Here, after recovering the bag dropped by Taylor, the drug officers weighed it with the substance inside and it weighed 3.6 grams. Subsequent testing by the Georgia Bureau of Investigation Crime Lab revealed that the substance was 3.19 grams of crack-cocaine. While testifying, one of the officers opined that, based on his 11 years of training and experience, the quantity possessed by Taylor was not for personal use, but rather was for distribution. He further testified that each gram of crack-cocaine can provide roughly ten hits, meaning that the crack-cocaine possessed by Taylor amounted to more than thirty hits. Another officer from the drug unit who had been on the scene testified at trial that the cocaine was packaged the way it typically would be prior to being broken up for sale in individual pieces.
Moreover, after Taylor was handcuffed, the drug unit officers discovered a mini digital scale in Taylor's back pocket. One of the officers testified at trial that based on his training, scales such as the one found on Taylor are often used in drug transactions to determine the weight of the drugs. There was also white residue on the scale that appeared to be crack cocaine to an officer who had seen the drug “thousands of times.” Additionally, Taylor admitted to one of the drug officers that he sold marijuana.
Here, Taylor does not dispute on appeal that he was in possession of the drugs, rather, he argues only that the evidence was insufficient to demonstrate an intent to distribute. We disagree. The evidence presented here was sufficient for the jury to infer Taylor's intent to distribute. First, an officer with years of experience testified that the amount of crack-cocaine possessed by Taylor was enough for thirty individual hits, which was consistent with distribution rather than personal use. Second, Taylor was in possession of a scale, which one of the drug officers testified, in his experience, is often used in drug transactions to weigh drugs. Moreover, the scale was coated in residue and a drug officer testified that based on his experience, that residue appeared to be crack-cocaine.4 Third, Taylor admitted to police that he sold drugs, even though he denied selling crack-cocaine.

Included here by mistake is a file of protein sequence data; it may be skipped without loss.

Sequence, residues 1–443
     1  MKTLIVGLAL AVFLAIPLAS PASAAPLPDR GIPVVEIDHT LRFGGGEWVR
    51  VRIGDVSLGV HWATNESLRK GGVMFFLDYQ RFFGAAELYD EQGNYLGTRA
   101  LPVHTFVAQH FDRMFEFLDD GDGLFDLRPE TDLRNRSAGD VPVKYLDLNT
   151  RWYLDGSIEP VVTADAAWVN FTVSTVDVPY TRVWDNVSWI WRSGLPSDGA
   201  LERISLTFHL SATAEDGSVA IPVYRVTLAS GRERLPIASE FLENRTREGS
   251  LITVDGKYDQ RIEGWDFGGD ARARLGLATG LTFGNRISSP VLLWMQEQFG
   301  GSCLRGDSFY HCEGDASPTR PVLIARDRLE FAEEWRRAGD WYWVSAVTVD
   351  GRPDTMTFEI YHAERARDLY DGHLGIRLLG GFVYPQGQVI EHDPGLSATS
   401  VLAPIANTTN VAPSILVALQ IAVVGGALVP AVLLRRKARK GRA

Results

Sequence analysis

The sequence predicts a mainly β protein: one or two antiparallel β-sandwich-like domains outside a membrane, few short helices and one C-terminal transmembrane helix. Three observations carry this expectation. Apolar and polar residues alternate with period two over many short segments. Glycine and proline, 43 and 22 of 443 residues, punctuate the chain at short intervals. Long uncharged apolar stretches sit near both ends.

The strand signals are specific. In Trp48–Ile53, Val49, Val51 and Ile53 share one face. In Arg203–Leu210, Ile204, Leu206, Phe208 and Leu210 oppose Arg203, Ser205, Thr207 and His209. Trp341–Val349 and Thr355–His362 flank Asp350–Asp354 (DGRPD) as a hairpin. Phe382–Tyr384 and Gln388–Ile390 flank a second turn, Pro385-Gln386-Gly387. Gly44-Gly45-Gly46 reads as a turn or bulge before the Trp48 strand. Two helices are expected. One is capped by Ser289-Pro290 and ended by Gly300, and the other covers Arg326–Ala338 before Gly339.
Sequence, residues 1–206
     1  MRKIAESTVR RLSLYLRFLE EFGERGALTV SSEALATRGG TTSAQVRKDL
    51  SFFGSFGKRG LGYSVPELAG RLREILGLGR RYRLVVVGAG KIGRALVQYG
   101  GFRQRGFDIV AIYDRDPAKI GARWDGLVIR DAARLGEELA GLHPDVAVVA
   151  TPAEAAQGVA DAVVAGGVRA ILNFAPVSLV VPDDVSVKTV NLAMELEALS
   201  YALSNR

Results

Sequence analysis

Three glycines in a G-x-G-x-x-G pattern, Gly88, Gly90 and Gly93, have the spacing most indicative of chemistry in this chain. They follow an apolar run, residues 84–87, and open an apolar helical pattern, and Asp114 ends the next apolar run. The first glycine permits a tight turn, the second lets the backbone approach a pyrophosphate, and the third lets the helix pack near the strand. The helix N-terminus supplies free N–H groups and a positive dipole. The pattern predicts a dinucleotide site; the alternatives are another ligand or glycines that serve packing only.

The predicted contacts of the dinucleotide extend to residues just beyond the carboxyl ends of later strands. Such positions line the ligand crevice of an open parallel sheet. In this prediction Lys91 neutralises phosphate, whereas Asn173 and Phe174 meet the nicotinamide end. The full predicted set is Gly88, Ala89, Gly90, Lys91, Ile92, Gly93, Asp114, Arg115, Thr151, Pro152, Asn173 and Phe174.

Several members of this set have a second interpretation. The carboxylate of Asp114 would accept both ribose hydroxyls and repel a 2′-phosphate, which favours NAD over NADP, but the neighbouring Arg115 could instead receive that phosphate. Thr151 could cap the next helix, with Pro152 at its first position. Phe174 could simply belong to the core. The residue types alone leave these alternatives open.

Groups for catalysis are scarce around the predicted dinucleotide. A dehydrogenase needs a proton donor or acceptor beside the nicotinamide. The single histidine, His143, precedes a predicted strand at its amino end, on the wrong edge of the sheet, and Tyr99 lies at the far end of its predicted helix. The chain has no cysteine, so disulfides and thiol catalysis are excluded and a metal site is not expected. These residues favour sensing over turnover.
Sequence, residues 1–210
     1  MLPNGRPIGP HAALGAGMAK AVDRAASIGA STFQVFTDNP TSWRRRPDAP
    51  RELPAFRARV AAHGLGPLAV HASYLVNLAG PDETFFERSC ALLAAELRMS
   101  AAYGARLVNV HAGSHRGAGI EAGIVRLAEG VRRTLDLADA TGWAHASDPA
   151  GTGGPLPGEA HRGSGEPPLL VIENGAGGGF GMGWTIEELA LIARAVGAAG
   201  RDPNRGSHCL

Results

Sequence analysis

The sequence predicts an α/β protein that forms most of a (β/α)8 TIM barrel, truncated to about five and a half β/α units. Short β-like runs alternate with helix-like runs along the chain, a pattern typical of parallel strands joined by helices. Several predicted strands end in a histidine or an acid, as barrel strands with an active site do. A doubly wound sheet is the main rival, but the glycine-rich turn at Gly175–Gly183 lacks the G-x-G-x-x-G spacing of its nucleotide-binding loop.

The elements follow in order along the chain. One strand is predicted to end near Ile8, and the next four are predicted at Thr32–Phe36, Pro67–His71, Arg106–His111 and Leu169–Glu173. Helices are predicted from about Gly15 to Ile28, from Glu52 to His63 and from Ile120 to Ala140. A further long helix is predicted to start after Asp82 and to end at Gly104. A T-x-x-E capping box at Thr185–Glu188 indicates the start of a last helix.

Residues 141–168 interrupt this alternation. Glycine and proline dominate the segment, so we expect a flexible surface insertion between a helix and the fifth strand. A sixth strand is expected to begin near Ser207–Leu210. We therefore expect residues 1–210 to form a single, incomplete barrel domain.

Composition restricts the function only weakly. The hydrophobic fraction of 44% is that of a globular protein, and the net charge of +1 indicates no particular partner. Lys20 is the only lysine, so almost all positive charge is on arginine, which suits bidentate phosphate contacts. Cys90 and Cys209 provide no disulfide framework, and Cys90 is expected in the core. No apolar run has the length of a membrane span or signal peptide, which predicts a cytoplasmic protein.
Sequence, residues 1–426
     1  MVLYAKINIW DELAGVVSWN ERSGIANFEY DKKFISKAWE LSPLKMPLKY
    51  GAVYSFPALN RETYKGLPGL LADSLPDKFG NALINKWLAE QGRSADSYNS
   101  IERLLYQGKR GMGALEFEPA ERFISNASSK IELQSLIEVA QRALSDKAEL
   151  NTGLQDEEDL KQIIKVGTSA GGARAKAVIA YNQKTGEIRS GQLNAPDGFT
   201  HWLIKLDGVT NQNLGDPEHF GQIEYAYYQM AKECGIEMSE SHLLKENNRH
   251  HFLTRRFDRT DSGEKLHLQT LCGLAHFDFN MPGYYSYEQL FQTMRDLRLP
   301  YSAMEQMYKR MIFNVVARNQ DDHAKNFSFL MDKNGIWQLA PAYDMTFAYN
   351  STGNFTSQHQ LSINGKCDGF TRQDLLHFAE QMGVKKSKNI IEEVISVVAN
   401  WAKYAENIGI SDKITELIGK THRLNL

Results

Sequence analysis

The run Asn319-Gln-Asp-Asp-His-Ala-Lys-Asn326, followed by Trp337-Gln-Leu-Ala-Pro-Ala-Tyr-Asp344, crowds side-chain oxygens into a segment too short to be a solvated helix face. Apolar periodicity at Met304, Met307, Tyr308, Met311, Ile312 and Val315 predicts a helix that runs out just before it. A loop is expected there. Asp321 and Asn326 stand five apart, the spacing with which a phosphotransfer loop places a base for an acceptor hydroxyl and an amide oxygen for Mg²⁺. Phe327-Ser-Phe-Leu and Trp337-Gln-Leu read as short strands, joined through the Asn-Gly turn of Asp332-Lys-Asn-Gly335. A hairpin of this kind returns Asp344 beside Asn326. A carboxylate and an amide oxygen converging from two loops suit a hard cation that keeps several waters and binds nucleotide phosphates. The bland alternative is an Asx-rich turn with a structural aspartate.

Although the evidence in this case was circumstantial, it was sufficient to exclude every reasonable hypothesis except for Taylor's guilt. Tate, supra, 230 Ga. App. at 187 (1) (a). Therefore, we conclude that there was sufficient evidence to support Taylor's conviction.
2. Taylor next contends that the trial court abused its discretion in limiting his time for voir dire with certain jurors. Again, we disagree.
“The single purpose for voir dire is the ascertainment of the impartiality of jurors, their ability to treat the cause on the merits with objectivity and freedom from bias and prior inclination.” (Citation omitted.) Sallie v. State, 276 Ga. 506, 510 (3) (578 SE2d 444) (2003).